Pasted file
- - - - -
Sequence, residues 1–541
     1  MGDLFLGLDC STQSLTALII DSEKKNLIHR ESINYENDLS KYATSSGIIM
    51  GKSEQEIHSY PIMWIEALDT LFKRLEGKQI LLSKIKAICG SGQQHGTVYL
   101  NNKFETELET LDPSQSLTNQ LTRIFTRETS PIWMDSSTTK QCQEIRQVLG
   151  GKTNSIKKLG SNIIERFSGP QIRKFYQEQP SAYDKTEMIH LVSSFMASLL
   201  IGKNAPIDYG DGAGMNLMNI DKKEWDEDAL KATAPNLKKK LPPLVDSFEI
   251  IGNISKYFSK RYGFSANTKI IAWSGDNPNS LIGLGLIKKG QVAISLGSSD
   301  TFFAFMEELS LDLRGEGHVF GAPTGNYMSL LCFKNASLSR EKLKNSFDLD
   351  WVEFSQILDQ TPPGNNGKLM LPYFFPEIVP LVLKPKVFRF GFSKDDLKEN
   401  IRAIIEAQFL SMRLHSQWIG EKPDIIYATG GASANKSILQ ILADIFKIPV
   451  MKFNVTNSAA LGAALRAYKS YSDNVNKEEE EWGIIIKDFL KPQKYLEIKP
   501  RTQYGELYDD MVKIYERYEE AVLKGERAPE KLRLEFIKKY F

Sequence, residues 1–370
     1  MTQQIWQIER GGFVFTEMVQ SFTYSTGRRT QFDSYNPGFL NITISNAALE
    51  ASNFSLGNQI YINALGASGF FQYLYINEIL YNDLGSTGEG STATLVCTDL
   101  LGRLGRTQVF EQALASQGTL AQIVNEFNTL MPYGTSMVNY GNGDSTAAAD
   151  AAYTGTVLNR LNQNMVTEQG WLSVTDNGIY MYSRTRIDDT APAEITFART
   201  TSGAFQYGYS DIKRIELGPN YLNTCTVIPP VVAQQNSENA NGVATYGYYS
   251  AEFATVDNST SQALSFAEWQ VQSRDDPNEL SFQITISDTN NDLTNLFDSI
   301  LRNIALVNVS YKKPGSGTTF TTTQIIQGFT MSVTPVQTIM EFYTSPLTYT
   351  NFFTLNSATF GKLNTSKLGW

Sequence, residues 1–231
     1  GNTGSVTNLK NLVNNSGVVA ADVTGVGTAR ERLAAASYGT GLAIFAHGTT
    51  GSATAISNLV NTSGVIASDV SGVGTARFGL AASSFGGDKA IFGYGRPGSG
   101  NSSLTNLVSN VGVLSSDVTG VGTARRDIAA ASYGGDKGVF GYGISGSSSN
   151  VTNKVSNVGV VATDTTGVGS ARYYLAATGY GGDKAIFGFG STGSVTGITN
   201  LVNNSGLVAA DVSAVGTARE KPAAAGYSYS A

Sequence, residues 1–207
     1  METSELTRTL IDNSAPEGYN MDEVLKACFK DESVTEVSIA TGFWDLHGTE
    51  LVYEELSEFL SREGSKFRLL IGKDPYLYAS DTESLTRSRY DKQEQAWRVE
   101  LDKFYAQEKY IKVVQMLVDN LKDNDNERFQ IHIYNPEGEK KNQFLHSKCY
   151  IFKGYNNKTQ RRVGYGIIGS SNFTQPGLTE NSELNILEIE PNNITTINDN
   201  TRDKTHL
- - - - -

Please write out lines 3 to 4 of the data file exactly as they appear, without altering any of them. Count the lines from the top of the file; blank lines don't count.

    51  GKSEQEIHSY PIMWIEALDT LFKRLEGKQI LLSKIKAICG SGQQHGTVYL
   101  NNKFETELET LDPSQSLTNQ LTRIFTRETS PIWMDSSTTK QCQEIRQVLG